That’s the key to everything. It’s the reason we’re able to attract and keep the best guides in London. You can get schlubbers to do this for £20 a walk. But you cannot get world-class guides – let alone accomplished professionals.

It’s not rocket science: you get what you pay for. And just as surely, you also get what you don’t pay for. 

Back in 1968 when we got started we quickly came to a fork in the road. We had to answer a searching question: Do we want to make the most money? Or do we want to be the best walking tour company in the world? You want to make the most money you go the schlubbers route. You want to be the best walking tour company in the world you do whatever you have to do to attract and keep the best guides in London – you want them guiding for you, not for somebody else. Bears repeating: the way we’re structured – a guides’ cooperative – is the key to the whole thing. It’s the reason for all those awards, it’s the reason people who know go with London Walks, it’s the reason we’ve got a big following, a lively, loyal, discerning following – quality attracts quality.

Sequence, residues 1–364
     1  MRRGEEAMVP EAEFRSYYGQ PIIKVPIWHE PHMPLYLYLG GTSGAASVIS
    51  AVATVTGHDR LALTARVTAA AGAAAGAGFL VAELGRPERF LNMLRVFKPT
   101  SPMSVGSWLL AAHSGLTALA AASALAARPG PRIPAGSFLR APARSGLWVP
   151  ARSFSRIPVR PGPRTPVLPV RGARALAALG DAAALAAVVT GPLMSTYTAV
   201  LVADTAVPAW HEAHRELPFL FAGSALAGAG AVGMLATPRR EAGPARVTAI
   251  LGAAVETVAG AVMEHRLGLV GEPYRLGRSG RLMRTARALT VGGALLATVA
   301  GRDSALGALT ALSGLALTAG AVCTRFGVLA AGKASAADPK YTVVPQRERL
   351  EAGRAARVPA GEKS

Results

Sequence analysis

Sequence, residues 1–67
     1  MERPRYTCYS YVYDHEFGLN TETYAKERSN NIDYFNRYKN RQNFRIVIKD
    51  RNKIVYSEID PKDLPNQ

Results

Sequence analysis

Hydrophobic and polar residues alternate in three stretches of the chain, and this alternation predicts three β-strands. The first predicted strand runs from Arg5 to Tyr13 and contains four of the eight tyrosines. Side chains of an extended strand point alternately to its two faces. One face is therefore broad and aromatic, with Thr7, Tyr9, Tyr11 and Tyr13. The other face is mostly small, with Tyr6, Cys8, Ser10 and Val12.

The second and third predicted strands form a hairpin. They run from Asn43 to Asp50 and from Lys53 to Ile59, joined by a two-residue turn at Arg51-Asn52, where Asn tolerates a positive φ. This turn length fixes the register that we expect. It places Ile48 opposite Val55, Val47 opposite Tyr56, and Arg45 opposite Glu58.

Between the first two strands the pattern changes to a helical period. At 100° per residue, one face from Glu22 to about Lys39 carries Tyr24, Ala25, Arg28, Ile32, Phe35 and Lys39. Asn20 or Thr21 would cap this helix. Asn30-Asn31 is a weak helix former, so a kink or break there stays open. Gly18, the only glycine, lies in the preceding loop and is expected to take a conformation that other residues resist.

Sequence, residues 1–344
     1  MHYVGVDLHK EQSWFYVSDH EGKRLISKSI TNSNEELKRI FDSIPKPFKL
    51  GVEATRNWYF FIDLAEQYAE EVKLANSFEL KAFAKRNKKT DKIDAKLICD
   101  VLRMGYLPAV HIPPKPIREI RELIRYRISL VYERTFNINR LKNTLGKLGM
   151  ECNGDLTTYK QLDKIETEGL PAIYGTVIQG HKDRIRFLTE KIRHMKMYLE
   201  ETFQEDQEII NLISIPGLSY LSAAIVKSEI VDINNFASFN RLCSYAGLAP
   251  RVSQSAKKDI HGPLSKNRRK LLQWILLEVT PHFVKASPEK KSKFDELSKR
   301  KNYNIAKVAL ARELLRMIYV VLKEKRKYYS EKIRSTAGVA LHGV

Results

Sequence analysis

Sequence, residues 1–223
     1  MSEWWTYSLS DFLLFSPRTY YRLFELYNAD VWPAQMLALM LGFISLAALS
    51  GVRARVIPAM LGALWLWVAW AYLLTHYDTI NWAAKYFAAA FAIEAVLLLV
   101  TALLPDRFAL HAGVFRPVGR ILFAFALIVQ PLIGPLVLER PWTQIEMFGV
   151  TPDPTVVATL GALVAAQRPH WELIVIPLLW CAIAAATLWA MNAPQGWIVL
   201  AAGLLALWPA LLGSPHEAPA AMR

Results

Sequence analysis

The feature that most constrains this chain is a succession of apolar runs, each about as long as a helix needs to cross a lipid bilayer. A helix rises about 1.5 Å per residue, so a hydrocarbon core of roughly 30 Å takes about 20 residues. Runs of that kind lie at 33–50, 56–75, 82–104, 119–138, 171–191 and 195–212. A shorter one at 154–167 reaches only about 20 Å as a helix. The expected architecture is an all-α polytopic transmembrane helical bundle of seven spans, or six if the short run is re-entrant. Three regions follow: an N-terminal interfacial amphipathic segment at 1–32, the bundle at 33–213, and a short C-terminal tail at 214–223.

It’s the reason we’re able – uniquely – to front our walks with accomplished, in many cases distinguished professionals: barristers, doctors, geologists, museum curators, archaeologists, historians, criminal defence lawyers, Royal Shakespeare Company actors, a bevy of MVPs, Oscar winners (people who’ve won the Guide of the Year Award)… well, you get the idea. As that travel writer famously put it, “if this were a golf tournament, every name on the Leader Board would be a London Walks guide.”

And as we put it: London Walks Guides make the new familiar and the familiar new.

And on that agreeable note…come then, let us go forward together on some great London Walks. And that’s by way of saying, Good Londoning one and all. Nothing to add except… Welcome back! You were sorely missed. See ya tomorrow.